Split-off parties in survival race

Comment on this story
Copy of 2687820 INLSA Agang SA leader Dr Mamphela Ramphele during her party's election campaign in Temba, Hammanskraal. Photo: Phill Magakoe

As Malema tries to buck the trend by exposing the ANC’s flanks, the EFF is still vulnerable, writes Susan Booysen.

 

Opposition politics in South Africa is a story of rising and shooting stars, with prospects for exceptions to the rule. It is an endurance race to dent ANC majorities. Survival is conceivable, but the price exacting.

Only a few opposition parties will survive to grow, especially if they fish in ANC waters. This week’s victim was AgangSA.

The EFF is fending off a storm of challenges, but its head is above water. One eye is on organisational consolidation, the other on shooting holes in ANC establishment politics. The National Union of Metalworkers of South Africa’s budding United Front is in the eye of the storm. The ANC aims to keep it there.

Opposition parties often underestimate the challenge, which extends beyond electoral skirmish. Whether by design or natural instinct of self-preservation, the ANC unremittingly sabotages parties that come “from the loin of the lamb”.

Most debilitating is the ANC counter-attack veiled in the discourse of the “aberrant child who will again see the light” and return to the lap of the forgiving parent.

New opposition parties in South Africa arise with fanfare, offering riveting critiques of the flawed, but commanding, ANC.

Until now, the opposition stories frequently turned into implosion or, at best, diminution and humiliation. The EFF “street-fighters”, schooled in ANC politics and its tricks of the trade, are working to buck the trend.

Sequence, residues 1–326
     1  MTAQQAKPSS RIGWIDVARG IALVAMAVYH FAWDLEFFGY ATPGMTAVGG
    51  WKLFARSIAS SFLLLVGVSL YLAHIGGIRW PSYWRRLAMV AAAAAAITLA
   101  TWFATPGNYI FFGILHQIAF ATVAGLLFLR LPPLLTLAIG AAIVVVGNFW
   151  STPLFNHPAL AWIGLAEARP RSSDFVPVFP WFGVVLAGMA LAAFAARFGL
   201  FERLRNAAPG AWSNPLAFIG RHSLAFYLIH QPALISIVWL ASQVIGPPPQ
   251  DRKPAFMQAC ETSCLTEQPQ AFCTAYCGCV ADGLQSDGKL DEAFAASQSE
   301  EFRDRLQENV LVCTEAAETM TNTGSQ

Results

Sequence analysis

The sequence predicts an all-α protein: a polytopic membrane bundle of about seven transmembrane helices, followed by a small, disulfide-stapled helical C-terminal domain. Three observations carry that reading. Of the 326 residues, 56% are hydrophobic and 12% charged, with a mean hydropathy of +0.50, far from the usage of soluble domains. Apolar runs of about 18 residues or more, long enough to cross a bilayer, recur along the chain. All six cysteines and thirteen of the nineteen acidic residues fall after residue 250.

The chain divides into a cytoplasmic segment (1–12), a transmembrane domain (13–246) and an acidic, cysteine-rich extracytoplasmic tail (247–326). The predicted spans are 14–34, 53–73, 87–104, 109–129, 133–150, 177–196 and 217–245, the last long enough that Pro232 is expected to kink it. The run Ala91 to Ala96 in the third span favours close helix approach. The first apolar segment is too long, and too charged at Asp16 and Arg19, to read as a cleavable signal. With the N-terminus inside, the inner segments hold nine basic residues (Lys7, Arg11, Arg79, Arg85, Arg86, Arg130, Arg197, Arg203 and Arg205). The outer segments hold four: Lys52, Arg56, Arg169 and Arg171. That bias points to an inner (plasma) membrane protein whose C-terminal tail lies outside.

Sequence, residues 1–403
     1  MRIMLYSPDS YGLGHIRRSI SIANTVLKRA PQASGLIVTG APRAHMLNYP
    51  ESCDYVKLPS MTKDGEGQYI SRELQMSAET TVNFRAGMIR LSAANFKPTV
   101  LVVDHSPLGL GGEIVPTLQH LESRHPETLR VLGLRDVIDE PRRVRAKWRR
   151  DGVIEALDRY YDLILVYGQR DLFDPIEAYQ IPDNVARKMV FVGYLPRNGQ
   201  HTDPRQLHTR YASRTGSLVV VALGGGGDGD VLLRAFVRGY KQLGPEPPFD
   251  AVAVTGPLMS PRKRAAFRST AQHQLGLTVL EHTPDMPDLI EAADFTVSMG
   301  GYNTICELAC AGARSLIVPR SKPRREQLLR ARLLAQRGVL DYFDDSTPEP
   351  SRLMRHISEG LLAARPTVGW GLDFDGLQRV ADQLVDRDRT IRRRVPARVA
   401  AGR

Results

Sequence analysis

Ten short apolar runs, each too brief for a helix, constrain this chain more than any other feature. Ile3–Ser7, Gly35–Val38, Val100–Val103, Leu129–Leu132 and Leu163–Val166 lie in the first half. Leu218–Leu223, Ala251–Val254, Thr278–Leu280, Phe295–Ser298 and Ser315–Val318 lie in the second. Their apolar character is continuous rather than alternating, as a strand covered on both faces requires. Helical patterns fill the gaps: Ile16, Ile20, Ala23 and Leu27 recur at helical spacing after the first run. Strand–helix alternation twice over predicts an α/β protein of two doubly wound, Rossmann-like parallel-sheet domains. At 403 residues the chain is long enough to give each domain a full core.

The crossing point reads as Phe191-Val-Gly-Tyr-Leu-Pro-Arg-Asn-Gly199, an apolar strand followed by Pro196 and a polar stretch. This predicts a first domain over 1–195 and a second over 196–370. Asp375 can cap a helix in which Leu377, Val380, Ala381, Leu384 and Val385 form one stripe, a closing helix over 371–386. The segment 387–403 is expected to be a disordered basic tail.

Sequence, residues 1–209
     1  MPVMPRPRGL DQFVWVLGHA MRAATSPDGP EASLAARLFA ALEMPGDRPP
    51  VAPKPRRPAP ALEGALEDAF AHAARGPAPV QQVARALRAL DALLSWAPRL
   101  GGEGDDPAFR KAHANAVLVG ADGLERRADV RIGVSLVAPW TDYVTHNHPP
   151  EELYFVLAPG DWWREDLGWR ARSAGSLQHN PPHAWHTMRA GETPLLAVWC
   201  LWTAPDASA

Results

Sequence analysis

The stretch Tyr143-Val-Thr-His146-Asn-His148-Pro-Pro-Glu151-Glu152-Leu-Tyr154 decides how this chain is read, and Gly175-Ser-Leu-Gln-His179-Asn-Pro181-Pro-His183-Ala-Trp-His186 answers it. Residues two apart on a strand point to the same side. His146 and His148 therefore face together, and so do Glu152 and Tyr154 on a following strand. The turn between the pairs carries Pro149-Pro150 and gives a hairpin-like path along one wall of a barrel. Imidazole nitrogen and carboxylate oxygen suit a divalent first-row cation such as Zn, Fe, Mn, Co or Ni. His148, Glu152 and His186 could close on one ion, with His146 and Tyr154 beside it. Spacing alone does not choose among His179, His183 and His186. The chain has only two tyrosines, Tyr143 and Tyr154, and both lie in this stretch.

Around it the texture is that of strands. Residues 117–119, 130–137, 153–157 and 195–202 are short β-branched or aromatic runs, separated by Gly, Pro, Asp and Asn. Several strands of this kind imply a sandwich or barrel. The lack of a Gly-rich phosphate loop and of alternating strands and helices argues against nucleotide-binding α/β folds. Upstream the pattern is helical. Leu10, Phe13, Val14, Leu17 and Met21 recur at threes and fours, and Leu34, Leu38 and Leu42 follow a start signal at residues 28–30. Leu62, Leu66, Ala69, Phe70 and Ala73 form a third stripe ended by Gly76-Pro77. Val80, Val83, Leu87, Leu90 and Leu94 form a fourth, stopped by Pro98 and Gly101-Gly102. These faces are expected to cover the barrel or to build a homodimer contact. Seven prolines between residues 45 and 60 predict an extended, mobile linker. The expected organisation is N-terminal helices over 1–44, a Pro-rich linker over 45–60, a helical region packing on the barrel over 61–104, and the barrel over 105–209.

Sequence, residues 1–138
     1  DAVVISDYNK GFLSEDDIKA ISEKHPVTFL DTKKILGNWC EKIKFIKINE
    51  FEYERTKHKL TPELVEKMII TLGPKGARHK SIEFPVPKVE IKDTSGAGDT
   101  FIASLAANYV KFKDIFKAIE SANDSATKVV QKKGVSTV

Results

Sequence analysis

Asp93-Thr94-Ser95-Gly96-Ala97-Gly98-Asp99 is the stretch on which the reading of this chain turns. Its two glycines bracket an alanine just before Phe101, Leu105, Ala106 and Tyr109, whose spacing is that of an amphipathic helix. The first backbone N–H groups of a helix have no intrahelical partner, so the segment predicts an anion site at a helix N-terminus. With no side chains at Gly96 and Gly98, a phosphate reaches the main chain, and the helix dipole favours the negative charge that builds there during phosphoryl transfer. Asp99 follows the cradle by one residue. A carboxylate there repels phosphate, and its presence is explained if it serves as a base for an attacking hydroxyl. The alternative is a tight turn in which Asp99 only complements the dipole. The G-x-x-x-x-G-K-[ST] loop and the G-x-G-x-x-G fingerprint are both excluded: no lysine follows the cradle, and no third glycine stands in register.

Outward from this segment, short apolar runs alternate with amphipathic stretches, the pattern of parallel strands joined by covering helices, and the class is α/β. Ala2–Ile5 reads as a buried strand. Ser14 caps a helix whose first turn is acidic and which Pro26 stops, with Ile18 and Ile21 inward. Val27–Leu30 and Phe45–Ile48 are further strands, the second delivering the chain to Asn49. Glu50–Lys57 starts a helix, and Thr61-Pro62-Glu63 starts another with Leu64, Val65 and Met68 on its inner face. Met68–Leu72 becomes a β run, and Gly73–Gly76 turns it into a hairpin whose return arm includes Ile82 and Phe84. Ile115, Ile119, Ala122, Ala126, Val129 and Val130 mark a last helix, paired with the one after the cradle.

AgangSA demonstrated how penetrating, frequently valid and widely accepted critiques of the ANC could fail to translate into votes. In the electoral arena Mamphela Ramphele and Agang sounded lame, unauthentic.

The modest electoral verdict still offered water in the trough, but her own party came to cannibalise her. It could not even advance to the point of establishing formal leadership structures… Cope’s ghost hovers.

Is a similar fate awaiting the EFF, currently negotiating a rough post-electoral patch? Does it have what it takes to buck the trend?

The EFF is battling both its own ANC-related ghosts (some were executioners in previous rounds of mother-body revenge on dissidents in split-off parties) and real ANC infiltration spooks.

In the past two weeks it had to counter accusations of internal dictatorship, inconsistency in negotiating its way around “parliamentary perks”, and marginalising some leaders.

It is a quagmire of authentic criticisms, poison dished out by “agents” and suspicions about which commentator is in whose pocket. It is a platitude by now that the ANC does not take prisoners when it comes to split-off opposition parties – the EFF, Cope, the UDM and, much earlier, the PAC. The ANC has a formidable reputation and repertoire in containing dangerous opposition party tendencies. The ANC hardly felt threatened by Agang. No special interventions were required. Ramphele’s Agang ownership and electoral rebuff sufficed.

Agang targeted the ANC’s demographic catchment area, but take-off was never in sight. Nevertheless, big brother the ANC was hovering over a business sector that might otherwise have been seduced into bankrolling Agang. The DA-Agang debacle followed – the poorly consulted, then aborted merger-whatever, left egg on both Ramphele and Helen Zille’s faces. It followed (not precipitated) a collapse in Agang’s poll support.

The 0.28 percent national electoral support was the nail in the coffin. The battle on who was to go to Parliament, pay the bills, reclaim the Independent Electoral Commission deposit are flirtations with the skeletons in the closet.

The only surprise is that there is anybody who wishes to pick up the Agang pieces.

The EFF story is more comparable to those of the UDM and Cope, albeit with unfolding policy-ideology difference. Little David faces juggernaut Goliath, while munching away at the ANC support base. It irks the ANC, its president and his handmaidens.

The EFF specialises in rolling embarrassments to the ruling party. It highlights the incongruities that have become synonymous with the ANC’s 20 years in power.

ANC spokesman Zizi “there was no internal structure to destroy Cope” Kodwa reassured the nation that the ANC was innocent in undermining opposition parties. Sabotage of opposition parties, the ANC? Never.